Vinyl, on the other hand, is a great maintenance free option that won't require painting or staining. Vinyl is also resistant to rot and decay, and will last much longer than wood. Vinyl typically costs more than wood, but the longevity of the product may pay off in the long run. If you decide to go with a vinyl unit, be sure to look for a UV resistant plastic that won't fade or discolor when exposed to the sun.

Metal can also be a good material choice because it's very durable and long lasting. Carefully consider the type of metal, though. Iron and steel will rust, which may or may not be desirable, depending on the look you want. Aluminum is a good rust free metal that is lightweight and still very strong. If you want the look of painted metal, select a product with a powder coat paint finish for durability.

Arbors and pergolas can be designed and constructed on your own, or they can easily be purchased as completed units or ready to assemble DIY kits. If you decide to purchase a kit, you may find that online specialty stores and mail order catalogs have a better selection than your local garden center or nursery. If you decide that an arbor or pergola isn't the right element for your landscape design, you might want to consider other types of structures such as trellises, gazebos, or lath houses.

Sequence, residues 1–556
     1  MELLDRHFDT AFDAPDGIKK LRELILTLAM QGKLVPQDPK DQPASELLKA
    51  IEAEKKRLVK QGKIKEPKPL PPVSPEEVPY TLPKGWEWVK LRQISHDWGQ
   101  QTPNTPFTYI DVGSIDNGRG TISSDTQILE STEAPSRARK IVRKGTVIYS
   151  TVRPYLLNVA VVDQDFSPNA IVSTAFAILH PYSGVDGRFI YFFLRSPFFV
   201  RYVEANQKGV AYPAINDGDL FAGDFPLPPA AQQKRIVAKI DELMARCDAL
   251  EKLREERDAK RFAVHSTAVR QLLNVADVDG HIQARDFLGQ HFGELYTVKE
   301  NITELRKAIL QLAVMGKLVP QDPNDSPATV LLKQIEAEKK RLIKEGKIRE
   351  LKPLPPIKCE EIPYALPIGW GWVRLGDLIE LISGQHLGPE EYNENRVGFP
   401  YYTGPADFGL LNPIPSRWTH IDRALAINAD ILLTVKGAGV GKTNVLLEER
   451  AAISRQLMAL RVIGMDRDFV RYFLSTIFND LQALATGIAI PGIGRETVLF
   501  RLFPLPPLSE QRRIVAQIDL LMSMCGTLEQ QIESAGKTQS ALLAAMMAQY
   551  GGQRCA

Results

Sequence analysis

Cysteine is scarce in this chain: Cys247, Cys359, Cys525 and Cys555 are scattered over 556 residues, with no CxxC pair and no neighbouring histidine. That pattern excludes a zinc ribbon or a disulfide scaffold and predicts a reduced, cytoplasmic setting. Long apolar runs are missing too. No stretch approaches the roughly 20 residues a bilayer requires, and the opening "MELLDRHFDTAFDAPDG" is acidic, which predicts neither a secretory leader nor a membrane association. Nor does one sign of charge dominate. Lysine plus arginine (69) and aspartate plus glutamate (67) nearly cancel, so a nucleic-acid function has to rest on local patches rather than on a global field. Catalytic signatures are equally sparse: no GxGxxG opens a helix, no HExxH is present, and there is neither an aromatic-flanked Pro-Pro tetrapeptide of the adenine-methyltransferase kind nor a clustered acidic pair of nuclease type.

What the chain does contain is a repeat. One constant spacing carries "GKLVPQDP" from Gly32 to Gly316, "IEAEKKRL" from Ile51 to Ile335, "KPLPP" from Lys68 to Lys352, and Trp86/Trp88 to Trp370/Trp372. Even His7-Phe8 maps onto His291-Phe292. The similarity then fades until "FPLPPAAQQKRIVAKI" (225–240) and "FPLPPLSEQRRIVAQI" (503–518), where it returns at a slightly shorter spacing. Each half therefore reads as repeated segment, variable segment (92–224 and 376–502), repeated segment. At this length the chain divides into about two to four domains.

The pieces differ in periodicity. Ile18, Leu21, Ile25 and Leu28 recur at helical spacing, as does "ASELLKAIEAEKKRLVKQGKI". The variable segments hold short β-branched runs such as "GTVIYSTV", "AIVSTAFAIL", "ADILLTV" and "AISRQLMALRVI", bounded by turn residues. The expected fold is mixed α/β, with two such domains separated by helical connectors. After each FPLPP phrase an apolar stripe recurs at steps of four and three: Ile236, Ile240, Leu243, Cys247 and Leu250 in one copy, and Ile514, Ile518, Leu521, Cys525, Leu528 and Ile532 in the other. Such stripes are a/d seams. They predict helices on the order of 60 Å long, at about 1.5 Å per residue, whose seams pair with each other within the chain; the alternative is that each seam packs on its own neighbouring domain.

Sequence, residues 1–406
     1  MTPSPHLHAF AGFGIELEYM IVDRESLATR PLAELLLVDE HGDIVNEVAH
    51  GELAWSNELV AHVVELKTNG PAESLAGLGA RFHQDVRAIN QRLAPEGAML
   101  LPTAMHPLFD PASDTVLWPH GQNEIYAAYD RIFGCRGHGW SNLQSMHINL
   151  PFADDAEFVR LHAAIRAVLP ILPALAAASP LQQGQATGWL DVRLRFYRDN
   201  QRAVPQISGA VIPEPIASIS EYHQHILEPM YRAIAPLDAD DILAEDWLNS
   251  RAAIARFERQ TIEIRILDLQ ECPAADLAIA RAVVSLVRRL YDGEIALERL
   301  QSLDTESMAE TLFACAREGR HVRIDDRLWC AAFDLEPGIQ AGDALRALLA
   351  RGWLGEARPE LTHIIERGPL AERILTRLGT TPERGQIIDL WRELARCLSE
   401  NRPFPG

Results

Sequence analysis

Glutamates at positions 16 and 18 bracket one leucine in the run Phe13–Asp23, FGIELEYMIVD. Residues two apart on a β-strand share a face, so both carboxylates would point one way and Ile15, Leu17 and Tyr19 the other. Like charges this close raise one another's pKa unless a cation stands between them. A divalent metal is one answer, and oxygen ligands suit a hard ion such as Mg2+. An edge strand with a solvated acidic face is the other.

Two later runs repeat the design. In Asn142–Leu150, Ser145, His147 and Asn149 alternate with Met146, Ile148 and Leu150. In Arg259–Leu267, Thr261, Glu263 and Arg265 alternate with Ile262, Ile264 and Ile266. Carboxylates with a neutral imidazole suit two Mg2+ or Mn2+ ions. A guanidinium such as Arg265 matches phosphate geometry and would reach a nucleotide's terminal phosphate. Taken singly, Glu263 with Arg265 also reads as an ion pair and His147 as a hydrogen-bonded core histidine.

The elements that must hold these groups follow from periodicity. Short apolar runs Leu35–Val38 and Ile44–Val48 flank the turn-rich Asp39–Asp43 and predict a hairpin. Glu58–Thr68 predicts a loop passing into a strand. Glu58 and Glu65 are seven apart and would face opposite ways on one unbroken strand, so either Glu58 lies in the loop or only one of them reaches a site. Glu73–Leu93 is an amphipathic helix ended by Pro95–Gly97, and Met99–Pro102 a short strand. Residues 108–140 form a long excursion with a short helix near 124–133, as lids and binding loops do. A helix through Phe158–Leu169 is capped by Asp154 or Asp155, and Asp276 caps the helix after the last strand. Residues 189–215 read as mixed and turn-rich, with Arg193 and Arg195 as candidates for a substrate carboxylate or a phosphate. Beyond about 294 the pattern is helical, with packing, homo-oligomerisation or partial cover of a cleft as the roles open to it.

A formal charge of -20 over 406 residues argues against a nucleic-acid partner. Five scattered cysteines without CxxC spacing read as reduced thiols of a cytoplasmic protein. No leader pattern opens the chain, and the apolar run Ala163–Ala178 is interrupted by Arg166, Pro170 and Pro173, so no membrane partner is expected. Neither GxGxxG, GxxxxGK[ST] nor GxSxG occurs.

Whatever you decide, garden structures are a great way to add a focal point to your landscape. They will enhance your garden's aesthetics and add a vertical element to spaces that are usually constructed on horizontal planes. Arbors and pergolas in particular can take a simple garden design and turn it into a graceful and beautiful area to be admired and appreciated.

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Home Products 'n' More offers pergola kits for building your own wood, metal, or vinyl pergola. Get free shipping on all arbor and pergola designs!

For those of us who live in colder climates, experiencing five months or more of winter each year, the benefits of greenhouse gardening can be enormous. Gardening with a greenhouse allows for an extended growing season that can begin and end months outside of the traditional outdoor growing season in your climate. Greenhouses may even allow you to grow plants year round. Greenhouses can also provide a warmer mini-climate for plants that typically would not grow in your zone, allowing you to cultivate many varieties of plants that are unique to your area.